Our King is a God With a Lavish Disposition!

Our God is not an accountant! And he tells us to “Go!” and he tells us to “Ask!” So, do it!

by Nita Wiebe

PARAGUAY–Under-qualified. That’s the word that came to my mind when the Holy Spirit prodded me, “You should be on that prayer team to Paraguay.” Was this chance that a verse in Zephaniah leapt off the pages of scripture that very day to affirm the calling? “Then I will purify the language of my people, that all of them may call on the name of the LORD and serve him shoulder to shoulder” (Zeph. 3:9).

I would go. I would raise my voice, call on God to intervene in Paraguay, and thus work shoulder to shoulder with our missionaries there.

It occurs to me that the meaningful occurrences of a Spirit-led Christian cannot be attributed to chance or human logic. If it were so, what would make us different from “the nations that do not call on the Name”? Ours is a God who wants to lead down strange paths (like through a Red Sea), provides strangely procured bread (manna), and leads us to make war by unorthodox methods (blowing horns and breaking jugs).

Our team (Maria Dyck, Peter and Anne Kroeker, Doris and Elmer Barkman, Reynold Plett, David Kruse, Tina Wiebe, and myself) was a strange brew, too, and came together through unexpected healing, inexplicable provision. We were away from March 9 to 21 and served in the Minga Guazú and Asunción areas.

We got to Paraguay on flights that were, to say the least, not as planned. But it was God’s way to show us that this was His scheme, not ours. We landed there on March 9 in three disrupted flights that enabled some excellent God-conversations to happen on planes.

We loosely followed a 10-day schedule made up by the missionaries in Paraguay and Gerald Reimer at the EMC national office. Even though our goal was to pray/work alongside our hosts and be as little additional work as possible, hosting is work. And we are so thankful to Joanne Martens, Chris and Revita Kroeker, and Travis and Rosey Zacharias for so graciously hosting us in their homes for the bulk of the time.

So, what does a prayer team look like? There were mornings when three hours flew by praying for our host families, their families, health, and mission ventures. In the afternoons we visiting homes in the area of the church plant, praying God’s intervention for salvation, provision, healing, justice, employment.

We visited retired missionaries and calling on God to bless their “retirement ministry.” We prayed while on-site in Alto Refugio, a refuge for people living with HIV/AIDS in Asunción; in Santa Teresa at a school, church, dispensary, and store for the Mbyá; at Radio Mensajero; at sites of future ministries (addictions recovery).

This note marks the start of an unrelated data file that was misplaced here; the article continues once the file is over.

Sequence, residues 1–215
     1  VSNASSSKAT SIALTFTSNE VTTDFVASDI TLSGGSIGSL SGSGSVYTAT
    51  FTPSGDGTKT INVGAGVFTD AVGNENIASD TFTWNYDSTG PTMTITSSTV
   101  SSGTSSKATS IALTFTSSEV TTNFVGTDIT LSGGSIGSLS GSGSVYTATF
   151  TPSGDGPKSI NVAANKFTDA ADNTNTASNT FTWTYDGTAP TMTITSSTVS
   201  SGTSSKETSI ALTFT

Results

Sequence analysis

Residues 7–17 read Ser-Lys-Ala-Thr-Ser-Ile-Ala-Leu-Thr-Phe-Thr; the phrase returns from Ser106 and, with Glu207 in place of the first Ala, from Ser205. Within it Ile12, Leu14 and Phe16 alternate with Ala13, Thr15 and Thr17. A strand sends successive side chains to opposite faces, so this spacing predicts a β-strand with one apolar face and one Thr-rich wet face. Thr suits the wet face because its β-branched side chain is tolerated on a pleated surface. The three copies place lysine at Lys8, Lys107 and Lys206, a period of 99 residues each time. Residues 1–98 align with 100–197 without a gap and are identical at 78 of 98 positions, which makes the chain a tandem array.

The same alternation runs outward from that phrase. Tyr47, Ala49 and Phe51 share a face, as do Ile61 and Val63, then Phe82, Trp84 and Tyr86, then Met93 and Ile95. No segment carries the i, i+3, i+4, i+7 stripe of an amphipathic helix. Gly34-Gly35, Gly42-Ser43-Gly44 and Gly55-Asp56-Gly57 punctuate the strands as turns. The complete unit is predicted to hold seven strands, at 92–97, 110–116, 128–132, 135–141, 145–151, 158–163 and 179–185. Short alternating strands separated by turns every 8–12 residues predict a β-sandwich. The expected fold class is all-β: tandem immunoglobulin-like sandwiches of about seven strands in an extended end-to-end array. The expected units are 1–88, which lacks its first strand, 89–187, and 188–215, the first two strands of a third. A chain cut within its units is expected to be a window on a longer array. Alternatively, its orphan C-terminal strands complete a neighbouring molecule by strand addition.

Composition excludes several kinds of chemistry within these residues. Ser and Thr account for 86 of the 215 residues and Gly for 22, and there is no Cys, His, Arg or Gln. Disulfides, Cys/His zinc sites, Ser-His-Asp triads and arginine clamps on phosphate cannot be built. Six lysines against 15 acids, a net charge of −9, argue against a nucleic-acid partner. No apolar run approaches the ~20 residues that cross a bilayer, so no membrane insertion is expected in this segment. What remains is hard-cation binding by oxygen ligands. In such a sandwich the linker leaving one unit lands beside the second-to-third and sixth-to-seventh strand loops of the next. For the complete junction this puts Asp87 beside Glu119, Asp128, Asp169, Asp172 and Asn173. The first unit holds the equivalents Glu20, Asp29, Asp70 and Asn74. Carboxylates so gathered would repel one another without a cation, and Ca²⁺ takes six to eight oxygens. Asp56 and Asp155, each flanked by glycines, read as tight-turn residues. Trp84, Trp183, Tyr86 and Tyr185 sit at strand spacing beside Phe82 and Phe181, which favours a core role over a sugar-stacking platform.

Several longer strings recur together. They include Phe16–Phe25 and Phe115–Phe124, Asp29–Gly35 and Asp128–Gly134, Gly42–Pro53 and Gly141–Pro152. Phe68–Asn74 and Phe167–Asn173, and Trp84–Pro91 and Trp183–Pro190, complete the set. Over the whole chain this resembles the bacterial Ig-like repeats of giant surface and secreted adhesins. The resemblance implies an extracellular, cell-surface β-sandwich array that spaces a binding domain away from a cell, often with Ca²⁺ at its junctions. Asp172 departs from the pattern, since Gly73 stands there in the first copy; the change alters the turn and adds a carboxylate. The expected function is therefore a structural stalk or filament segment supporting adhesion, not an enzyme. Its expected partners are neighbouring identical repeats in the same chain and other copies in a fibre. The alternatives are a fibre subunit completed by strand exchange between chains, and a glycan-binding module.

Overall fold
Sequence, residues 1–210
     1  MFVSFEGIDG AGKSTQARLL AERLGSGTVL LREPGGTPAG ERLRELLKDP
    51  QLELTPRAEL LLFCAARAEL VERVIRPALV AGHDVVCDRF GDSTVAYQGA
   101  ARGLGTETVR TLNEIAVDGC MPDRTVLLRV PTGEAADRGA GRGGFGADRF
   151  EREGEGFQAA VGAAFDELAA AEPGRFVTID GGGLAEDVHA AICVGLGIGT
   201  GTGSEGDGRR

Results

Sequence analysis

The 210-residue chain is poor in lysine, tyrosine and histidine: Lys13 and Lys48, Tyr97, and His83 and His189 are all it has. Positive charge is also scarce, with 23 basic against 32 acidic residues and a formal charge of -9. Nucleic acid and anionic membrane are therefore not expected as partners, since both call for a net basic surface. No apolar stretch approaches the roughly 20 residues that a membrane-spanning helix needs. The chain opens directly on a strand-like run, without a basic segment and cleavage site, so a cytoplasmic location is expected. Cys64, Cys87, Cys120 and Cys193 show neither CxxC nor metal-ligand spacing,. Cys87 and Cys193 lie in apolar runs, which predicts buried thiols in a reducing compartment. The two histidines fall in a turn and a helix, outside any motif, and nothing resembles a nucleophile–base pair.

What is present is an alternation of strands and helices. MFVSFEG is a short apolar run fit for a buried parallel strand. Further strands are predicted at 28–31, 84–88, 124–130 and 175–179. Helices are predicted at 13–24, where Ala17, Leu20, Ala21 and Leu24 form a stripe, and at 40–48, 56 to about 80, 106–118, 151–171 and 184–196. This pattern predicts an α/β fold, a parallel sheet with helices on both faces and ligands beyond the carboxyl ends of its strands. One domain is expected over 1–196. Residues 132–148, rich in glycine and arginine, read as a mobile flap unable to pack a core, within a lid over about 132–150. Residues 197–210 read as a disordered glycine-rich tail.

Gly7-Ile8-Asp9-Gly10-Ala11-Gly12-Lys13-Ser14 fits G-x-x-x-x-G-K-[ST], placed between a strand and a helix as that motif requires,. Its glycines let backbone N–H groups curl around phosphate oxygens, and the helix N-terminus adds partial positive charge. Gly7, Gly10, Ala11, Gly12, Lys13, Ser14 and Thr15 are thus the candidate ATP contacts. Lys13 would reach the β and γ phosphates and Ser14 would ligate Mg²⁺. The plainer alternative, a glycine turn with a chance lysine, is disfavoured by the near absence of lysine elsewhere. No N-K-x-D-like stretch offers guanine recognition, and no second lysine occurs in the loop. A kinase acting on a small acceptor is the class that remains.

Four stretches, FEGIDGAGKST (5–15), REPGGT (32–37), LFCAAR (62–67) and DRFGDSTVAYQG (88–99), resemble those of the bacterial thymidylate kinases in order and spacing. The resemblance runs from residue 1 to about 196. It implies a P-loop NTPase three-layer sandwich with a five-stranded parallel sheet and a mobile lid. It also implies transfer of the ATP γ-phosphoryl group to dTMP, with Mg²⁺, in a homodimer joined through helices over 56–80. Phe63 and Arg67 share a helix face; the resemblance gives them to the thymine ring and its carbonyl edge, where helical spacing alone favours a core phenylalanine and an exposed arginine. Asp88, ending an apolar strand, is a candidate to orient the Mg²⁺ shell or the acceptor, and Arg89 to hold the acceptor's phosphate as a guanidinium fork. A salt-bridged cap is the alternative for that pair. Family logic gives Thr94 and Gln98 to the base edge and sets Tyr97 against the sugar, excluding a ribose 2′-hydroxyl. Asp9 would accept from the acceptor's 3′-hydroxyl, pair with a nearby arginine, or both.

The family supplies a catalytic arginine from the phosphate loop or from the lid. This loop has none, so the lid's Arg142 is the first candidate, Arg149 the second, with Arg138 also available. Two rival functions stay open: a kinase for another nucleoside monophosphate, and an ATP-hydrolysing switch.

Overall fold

We took part in several church services by prayer, preaching, testimony, and music. We visited with and prayed for associate missionaries like Benny and Esther Goertzen and Dave and Judy Schmidt. We prayed for people who heard a prayer team was in town and just showed up needing prayer. We prayed for waitresses, for people in the seat next to us. Oh yes, we had a day where our prayers were mostly, “Ooh! Ah! Wow!” as we toured Iguassu Falls and a bird park.

We had such precious, transparent times of fellowship as a team, praising God, admitting our fears: “What if we spend all this time and money to go pray and nothing visible happens? What about healing? What does it mean to pray in the Spirit? Do we always pray for the nice outcome if we are led by the Spirit?”

There were rich times when we lifted each other up to the Father, asking help through grieving, for wayward children, personal growth, dying family members, and guidance.

Here are obvious questions to ask, “Doesn’t prayer work from home? Why waste all that money on plane tickets when it could have been used to feed the starving children in Africa?” Our God is a King with a lavish, loving disposition, not an accountant! He will provide for what He approves in ways we don’t expect. And he tells us to “Go!” and he tells us to “Ask!” So, do it!

Nita Wiebe is a part of the Portage Evangelical Church.

 

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